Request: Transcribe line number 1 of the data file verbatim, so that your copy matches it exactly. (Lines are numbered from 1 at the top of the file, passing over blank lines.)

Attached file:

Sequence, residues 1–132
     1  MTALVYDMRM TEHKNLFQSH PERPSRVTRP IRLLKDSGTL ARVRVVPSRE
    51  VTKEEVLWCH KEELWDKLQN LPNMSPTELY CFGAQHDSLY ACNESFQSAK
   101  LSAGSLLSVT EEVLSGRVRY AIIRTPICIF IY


Sequence, residues 1–132